Inclusive Practices, Inclusive Education

In June, we sent this letter to the Highline School Board, Deborah Holcomb, and Dr. Susan Enfield. Today, we received this from Susanne Jerde. We are extremely happy and excited about the work to change our culture in Highline Schools to be one of inclusion. Read on and share!

From: Susanne Jerde
Sent: Monday, August 24, 2015 4:29 PM
To: **Principals and Assistant Principals
Cc: Susan Enfield
Subject: Inclusive Practices

Dear Colleagues,

As we heard from Dr. Enfield and Dr. Martin earlier this month, each and every student should feel and experience the sense of belonging as a general education student first, regardless of additional services and needs. Creating a climate where all students feel a part of the school is the first step as a system in creating an inclusive culture district-wide.  To this end, we have changed our “Student Support Services” department to “Inclusive Education” to support a culture where all students belong.

Ensuring that every student feels membership in a school community is just one of the values and beliefs necessary on the journey towards creating an inclusive culture.   Inclusive practices provide opportunities to learn about and accept individual differences, lessening the impact of harassment and bullying.  As a leader, it is imperative for you to lead and model the way, staying actively engaged in pushing for innovative solutions to barriers that exclude learners from general education settings.

This year, ensuring that all students are part of a general education class and are included in general education learning opportunities (beyond PE and music) is our goal.  This includes having all students with special needs having a name on a posted class list of a general education teacher or general advisory at secondary.  A seat is not defined as just a desk and a nametag (if appropriate), but as opportunities for learning along peers in general education classes.

Supporting teachers in working with students at multiple ability levels, who have emotional and social challenges in their lives is critical. Many of you have focused on developing inclusive practices across your school, with some of the examples below.  While this list is not exhaustive, I share it as a starting place. My ask is that you each reflect on how you can lead a school where all students are included, message inclusion as a part of your school culture, and identify school-wide strategies to support a vision of students learning and participating together.  My hope is that you will share with colleagues your successes in changing beliefs and culture at future convenings.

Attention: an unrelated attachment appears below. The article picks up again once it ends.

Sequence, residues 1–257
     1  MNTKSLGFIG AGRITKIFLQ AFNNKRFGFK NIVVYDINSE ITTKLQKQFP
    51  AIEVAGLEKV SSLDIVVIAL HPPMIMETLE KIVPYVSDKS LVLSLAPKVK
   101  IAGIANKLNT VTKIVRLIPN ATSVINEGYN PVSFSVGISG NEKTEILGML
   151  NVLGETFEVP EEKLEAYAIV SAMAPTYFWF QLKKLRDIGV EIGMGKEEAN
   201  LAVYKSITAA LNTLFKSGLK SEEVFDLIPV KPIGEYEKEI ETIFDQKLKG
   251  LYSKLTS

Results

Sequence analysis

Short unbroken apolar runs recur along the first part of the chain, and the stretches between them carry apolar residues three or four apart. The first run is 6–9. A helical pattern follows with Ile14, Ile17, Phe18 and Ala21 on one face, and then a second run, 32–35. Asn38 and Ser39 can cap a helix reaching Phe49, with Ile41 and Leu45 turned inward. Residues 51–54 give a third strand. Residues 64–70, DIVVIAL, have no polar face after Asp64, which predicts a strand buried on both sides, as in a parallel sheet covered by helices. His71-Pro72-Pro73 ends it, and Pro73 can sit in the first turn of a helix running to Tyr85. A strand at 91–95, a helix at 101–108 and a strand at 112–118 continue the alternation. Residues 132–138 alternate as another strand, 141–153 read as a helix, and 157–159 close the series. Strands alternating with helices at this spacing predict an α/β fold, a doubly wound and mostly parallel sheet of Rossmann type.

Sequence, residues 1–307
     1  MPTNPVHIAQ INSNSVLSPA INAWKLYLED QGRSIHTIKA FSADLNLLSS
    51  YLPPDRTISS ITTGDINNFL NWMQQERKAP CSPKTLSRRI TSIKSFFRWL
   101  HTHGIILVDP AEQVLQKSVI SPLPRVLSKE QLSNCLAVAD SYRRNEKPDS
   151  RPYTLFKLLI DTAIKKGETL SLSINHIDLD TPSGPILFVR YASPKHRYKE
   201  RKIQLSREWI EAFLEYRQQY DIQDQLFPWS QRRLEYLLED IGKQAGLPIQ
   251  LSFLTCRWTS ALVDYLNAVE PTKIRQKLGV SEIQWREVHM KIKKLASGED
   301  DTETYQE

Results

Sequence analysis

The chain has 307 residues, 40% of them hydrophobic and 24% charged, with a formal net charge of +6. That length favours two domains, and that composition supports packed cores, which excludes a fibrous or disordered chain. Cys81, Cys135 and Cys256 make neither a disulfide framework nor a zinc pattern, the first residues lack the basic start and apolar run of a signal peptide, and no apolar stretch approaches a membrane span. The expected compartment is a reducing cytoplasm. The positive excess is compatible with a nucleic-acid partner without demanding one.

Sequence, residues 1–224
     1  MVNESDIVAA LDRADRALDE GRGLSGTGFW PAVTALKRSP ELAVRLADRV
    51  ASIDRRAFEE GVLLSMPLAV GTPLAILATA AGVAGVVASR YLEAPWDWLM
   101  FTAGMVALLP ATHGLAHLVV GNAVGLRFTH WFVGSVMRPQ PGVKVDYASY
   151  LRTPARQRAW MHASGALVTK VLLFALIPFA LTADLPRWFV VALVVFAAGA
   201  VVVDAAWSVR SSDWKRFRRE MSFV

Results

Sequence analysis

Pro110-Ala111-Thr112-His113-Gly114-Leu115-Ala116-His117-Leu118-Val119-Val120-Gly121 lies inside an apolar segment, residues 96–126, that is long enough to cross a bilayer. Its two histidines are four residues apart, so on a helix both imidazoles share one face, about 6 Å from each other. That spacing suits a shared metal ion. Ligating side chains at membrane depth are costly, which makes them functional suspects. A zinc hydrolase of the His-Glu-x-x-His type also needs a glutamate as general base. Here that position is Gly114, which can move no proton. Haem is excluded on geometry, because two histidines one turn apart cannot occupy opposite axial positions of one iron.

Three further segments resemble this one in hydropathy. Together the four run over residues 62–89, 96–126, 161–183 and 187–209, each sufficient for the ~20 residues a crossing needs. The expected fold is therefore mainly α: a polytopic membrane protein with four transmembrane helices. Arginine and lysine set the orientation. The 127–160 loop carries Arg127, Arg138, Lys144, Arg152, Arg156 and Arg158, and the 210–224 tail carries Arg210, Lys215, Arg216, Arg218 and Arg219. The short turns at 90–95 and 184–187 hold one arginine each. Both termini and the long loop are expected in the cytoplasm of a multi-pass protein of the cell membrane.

Inclusive Examples Strategy
No program labels Always refer to a child’s classroom with teacher name and not a label, “They are in Mr. Smith’s room.” vs. “They are in the ILC room.”
Assemblies/ Awards Students are not excluded because of noise, etc.  Work to provide needed accommodations to support if needed.

Students with special needs are included in receiving awards at the school for attendance, academic/social growth.

Provide the option for students receiving supports in EBC, IAM, ILC to sit with general education homerooms at assemblies and lunch time (as it is appropriate for each student)

Clubs Use of peer tutors to support club participation
Cafeteria Students with special needs are not at a corner table, but interspersed among their peers
Field Trips All students included with their general education peers
General Education Classrooms Not a seat in the back of the room, but one where the student is expected to take part in the learning experiences provided in general education.  Students are provided with cubbies, name tags, “space” in their homeroom classroom.  Assign a buddy to those students who may not be in the classroom for the entirety of the day (includes LRC as well!) who will be responsible for sharing any missed information/communication that happens when they are out of the room. Provide time and routines for regular check ins between these students.
Parents Parents/guardians are included in PTA and SLT

 

Leadership Ensure that all older students are included in rotations for leadership opportunities (lunchroom helpers, conflict managers, etc.) with supports as appropriate
IEPs Principal/AP knows every students’ IEP (Strengths, needs)
Collaboration Staff are given time to work together—gen ed and sped—to collaborate on scaffolding core instruction

 

 

Over the next few weeks, your ILED will be discussing with you ways to message and lead this important work with a strong instructional leadership lens.  I look forward to continued conversations about how we can use inclusive practices to truly know every student by name strength and need. 

Here’s to a great start for the 2015-2106 school year,

Susanne

  Susanne Jerde

    Chief Academic Officer

15675 Ambaum Blvd. SW

Burien, WA 98166

Highlineschools.org

Leave a Reply

Your email address will not be published. Required fields are marked *